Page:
This study therefore seeks to understand the multiple and overlapping reasons behind cross-generational relationships in Uganda, as well as associated interventions, in order to promote more comprehensive responses to the issue. Through on-the-ground research we explore the consequences of adolescent experiences of these exploitative relationships, and analyse the extent to which policy and programming are currently failing this phenomenon. In particular, the research looks at the extent to which income poverty collates with discriminatory social norms in Uganda which contribute to this particular form of child protection violation.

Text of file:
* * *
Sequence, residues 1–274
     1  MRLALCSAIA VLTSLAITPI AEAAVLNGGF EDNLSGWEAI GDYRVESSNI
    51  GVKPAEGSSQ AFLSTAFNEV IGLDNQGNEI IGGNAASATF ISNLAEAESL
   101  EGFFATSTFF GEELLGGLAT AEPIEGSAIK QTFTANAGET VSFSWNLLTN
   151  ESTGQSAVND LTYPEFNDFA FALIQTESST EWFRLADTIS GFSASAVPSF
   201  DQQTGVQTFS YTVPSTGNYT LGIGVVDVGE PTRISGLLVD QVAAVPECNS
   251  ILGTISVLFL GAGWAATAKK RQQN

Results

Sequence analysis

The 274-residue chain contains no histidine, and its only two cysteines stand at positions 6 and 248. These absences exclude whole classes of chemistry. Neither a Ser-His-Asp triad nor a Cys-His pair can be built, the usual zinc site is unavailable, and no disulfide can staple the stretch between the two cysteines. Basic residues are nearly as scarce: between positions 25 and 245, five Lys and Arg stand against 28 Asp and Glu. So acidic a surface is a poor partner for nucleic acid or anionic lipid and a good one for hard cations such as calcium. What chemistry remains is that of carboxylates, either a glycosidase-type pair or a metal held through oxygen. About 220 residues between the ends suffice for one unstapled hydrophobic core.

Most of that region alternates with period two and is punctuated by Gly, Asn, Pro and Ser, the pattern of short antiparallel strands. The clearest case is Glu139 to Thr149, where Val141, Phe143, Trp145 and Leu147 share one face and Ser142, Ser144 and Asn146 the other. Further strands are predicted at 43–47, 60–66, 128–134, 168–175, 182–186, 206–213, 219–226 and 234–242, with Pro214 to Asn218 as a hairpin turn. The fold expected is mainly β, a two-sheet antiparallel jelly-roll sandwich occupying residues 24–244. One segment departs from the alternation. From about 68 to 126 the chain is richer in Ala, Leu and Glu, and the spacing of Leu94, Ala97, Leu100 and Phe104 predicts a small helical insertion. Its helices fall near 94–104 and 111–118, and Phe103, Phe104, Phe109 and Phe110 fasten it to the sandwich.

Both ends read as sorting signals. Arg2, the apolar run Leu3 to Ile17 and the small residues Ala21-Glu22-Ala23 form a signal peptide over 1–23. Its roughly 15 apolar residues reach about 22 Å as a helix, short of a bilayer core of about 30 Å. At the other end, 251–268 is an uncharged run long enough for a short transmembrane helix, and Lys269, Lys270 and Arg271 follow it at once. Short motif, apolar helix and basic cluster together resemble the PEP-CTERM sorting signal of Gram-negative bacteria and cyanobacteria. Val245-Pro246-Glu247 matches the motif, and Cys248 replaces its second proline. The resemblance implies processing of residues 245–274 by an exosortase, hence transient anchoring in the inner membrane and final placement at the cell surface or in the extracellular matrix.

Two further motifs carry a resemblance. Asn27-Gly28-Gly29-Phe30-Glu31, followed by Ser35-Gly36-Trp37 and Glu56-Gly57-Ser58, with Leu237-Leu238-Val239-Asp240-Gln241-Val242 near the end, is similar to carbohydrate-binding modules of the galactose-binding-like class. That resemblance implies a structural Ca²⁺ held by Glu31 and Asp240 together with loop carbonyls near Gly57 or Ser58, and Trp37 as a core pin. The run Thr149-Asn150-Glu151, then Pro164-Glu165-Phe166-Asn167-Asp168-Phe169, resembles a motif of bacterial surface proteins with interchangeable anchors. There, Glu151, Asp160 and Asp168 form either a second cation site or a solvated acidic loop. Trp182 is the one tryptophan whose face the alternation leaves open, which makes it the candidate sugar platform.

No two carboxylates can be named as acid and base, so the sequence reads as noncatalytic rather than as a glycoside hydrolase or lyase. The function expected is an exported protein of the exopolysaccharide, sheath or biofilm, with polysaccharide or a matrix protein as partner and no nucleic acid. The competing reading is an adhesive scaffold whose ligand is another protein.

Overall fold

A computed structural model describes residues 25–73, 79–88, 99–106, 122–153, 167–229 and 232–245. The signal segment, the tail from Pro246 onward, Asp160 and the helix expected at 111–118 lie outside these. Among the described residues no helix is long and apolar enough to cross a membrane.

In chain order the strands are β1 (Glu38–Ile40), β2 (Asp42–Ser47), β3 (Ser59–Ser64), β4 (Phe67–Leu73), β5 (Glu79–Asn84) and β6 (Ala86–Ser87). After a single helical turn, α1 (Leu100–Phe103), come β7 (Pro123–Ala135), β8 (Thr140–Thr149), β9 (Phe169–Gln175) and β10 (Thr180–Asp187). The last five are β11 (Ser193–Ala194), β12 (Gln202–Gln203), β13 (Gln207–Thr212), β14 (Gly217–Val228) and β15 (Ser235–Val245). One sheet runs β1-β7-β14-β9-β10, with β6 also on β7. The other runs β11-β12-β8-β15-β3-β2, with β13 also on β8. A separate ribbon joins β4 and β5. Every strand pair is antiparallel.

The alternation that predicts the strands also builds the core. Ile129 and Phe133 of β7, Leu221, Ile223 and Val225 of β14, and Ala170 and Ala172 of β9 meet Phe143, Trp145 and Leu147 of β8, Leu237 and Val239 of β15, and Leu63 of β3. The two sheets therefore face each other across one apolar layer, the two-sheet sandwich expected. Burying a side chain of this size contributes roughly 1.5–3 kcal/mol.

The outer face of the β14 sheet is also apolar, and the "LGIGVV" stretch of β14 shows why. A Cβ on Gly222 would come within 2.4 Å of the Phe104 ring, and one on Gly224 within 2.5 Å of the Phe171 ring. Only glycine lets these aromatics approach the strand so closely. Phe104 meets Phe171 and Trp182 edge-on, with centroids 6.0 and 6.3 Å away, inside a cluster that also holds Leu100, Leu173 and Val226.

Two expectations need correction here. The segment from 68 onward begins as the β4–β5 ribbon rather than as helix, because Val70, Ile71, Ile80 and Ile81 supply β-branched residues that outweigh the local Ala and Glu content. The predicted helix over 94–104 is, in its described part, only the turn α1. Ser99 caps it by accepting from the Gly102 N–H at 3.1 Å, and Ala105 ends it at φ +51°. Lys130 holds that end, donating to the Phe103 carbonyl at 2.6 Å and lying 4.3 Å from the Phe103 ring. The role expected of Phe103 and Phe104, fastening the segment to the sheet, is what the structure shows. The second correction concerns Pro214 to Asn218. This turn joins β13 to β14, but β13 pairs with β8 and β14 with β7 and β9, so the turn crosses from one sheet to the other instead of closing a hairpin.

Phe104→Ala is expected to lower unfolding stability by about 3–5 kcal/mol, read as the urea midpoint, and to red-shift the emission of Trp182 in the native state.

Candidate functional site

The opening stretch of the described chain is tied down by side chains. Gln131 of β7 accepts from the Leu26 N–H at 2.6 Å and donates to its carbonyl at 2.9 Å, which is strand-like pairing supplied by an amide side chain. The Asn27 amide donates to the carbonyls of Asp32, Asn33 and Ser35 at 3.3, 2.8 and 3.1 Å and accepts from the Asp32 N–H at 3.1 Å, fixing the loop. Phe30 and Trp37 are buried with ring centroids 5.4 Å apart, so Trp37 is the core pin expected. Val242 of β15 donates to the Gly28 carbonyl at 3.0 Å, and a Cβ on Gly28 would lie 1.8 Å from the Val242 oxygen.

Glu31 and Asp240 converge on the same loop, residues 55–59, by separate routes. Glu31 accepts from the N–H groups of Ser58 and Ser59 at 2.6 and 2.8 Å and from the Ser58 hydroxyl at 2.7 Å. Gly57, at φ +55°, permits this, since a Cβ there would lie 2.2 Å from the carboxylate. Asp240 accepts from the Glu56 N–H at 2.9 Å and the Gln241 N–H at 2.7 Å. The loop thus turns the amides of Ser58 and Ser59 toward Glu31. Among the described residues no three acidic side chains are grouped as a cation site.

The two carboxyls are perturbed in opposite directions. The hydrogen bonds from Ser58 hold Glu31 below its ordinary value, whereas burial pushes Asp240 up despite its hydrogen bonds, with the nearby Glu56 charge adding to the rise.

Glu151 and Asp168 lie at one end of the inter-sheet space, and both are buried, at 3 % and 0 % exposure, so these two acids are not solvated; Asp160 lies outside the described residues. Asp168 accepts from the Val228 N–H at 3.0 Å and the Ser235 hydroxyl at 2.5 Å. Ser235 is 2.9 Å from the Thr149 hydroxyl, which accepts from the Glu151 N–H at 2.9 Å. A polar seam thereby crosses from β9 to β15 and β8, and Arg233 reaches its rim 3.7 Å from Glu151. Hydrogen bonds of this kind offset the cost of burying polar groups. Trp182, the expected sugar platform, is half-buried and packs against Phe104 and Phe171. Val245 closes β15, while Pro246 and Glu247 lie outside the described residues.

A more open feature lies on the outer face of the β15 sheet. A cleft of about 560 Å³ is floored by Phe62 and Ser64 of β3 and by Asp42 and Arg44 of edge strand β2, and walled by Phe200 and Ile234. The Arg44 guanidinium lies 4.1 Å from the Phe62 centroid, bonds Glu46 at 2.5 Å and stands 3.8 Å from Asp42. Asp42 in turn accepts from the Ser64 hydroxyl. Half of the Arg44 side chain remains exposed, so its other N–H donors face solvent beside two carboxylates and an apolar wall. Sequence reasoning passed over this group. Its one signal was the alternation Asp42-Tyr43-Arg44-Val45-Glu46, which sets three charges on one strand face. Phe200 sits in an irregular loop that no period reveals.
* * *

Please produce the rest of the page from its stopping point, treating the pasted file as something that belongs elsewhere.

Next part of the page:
The study is part of a two-year Oak Foundation-funded programme of work that explores the potential for greater linkages between child protection and anti-poverty work in low- and middle-income countries. It is one of three country case studies that looks at sexual violence and exploitation, physical violence, early marriage and inadequate care, and their relationship to income poverty in Uganda, Ethiopia and Vietnam.